Cree writer and pianist Tomson Highway’s memoir Permanent Astonishment provides many insights into why he is a Canada Indigenous frontrunner. He successfully navigated his way through nine challenging years at a residential school. Then from 1975 to 1978, he got two B.A.’s from Western, coordinated the Festival of Native Music ’78 and became my friend.
Metis leader Nick Sibbeston (1943-) was born in Fort Simpson, Northwest Territories. His memoir “You Will Wear a White Shirt” (2015) recounts his time as NWT premier 1987-1989. Since I worked with the Dene-Metis 1983-1987, I was there when he was premier. His views on Dene-cizing the Catholic church are of great interest to me.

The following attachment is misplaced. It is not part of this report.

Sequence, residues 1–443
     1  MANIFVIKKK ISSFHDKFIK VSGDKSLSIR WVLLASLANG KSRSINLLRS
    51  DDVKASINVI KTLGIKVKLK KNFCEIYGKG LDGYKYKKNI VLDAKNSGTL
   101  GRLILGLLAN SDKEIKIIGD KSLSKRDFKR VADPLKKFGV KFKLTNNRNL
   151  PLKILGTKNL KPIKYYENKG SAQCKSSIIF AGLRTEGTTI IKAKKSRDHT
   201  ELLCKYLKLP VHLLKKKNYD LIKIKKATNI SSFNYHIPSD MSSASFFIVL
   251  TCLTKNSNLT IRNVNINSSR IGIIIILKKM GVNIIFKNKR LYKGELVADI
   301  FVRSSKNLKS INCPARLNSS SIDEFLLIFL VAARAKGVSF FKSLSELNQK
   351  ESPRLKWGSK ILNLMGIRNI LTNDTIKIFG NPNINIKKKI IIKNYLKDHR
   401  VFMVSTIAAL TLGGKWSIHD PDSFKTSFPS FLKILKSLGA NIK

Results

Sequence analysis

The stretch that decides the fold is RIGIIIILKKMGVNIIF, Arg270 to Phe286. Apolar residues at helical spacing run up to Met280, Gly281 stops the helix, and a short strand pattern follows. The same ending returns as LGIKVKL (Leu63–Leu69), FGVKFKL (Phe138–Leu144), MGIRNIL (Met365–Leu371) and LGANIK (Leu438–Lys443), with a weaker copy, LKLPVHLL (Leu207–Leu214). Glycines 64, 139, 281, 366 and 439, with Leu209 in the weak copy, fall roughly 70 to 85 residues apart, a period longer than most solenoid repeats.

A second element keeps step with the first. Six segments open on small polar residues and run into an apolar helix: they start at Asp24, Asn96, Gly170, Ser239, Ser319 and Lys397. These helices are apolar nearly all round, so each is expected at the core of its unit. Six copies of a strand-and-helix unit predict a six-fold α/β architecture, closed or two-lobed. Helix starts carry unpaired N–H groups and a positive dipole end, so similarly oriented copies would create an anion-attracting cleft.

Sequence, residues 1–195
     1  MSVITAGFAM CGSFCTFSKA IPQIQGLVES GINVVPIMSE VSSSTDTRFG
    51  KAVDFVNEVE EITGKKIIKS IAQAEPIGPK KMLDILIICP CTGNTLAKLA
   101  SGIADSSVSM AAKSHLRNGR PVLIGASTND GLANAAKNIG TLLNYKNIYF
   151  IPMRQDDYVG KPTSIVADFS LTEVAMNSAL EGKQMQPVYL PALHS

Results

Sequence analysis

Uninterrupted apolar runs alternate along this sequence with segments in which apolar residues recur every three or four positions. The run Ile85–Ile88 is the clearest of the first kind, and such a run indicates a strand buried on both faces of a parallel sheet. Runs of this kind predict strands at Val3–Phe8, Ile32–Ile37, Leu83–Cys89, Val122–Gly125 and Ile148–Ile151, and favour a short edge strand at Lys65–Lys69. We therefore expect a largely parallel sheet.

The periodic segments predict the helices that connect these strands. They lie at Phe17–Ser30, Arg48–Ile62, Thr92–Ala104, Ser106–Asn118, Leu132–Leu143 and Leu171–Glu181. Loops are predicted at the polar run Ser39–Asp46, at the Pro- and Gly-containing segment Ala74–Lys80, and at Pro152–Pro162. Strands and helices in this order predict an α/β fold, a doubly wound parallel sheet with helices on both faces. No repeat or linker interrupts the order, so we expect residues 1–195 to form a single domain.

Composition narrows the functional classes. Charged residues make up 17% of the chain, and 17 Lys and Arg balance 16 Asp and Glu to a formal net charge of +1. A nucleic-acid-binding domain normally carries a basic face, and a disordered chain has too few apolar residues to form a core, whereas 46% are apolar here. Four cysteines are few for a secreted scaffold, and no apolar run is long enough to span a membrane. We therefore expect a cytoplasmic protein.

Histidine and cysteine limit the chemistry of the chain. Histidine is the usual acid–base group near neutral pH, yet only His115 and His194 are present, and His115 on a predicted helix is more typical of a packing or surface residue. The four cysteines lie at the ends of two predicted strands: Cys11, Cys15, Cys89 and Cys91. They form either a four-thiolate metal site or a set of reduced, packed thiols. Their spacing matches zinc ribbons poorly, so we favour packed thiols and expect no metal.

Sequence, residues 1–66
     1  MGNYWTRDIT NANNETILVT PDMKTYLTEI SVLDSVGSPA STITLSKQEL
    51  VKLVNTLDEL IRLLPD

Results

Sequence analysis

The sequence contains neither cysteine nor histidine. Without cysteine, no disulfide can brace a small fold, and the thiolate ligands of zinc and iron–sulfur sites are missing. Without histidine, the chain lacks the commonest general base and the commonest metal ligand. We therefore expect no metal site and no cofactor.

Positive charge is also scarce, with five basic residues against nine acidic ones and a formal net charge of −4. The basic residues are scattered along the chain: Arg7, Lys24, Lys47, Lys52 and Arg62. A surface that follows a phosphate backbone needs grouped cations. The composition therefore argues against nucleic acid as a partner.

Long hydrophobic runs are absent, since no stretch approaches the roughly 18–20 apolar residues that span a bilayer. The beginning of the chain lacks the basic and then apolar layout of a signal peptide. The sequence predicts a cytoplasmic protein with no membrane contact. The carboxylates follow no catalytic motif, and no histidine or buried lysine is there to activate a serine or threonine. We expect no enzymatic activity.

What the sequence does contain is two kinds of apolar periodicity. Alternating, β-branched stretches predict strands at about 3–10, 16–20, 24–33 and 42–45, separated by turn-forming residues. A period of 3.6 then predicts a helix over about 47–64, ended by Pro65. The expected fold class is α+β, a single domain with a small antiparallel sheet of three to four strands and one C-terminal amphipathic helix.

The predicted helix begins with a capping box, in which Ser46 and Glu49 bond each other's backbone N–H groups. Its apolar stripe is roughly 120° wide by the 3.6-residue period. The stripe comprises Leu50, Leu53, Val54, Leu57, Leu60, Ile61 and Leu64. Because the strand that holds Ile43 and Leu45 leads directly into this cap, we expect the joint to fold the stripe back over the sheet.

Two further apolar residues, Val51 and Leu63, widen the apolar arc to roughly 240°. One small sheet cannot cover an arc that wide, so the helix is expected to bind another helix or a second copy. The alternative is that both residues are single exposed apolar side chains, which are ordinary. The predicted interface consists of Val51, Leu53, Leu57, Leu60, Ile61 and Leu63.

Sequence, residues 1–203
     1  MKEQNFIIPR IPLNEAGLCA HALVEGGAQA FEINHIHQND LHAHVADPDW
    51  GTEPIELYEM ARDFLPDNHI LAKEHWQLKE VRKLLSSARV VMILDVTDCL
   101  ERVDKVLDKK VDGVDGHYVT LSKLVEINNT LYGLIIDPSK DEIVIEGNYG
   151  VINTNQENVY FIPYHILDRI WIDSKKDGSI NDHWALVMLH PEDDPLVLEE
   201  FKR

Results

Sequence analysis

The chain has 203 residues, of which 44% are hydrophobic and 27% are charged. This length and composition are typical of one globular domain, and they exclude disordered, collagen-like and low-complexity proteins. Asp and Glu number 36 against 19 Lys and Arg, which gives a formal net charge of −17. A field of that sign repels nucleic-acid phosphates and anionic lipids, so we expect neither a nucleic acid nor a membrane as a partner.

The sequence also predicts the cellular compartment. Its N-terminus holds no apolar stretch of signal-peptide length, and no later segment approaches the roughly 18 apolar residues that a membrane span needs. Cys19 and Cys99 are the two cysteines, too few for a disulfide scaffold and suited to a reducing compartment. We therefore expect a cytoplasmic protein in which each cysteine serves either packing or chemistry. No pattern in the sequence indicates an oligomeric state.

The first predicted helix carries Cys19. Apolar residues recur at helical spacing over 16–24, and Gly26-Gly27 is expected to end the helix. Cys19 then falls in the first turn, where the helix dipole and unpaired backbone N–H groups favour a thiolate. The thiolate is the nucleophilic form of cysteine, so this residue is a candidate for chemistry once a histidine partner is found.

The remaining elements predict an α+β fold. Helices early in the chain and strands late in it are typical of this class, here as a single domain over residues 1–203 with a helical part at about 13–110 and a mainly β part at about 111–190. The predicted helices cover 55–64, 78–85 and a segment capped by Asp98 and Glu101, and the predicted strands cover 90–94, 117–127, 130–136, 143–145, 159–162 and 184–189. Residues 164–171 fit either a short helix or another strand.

I am very much aware of the harm that resulted from numerous aspects of the Indigenous residential schools. However, there were Aboriginals who graduated from these schools, who went on to lead productive and successful lives. This post provides examples of those who had positive experiences.
The Truth and Reconciliation Commission of Canada final report executive summary (2015) overemphasizes the negative and under-reports the positive. The lessons from the painful accounts need to be translated into more than a blueprint for “stratospheric rights,” particularly since not all Indigenous people are on the same page when it comes to this executive summary.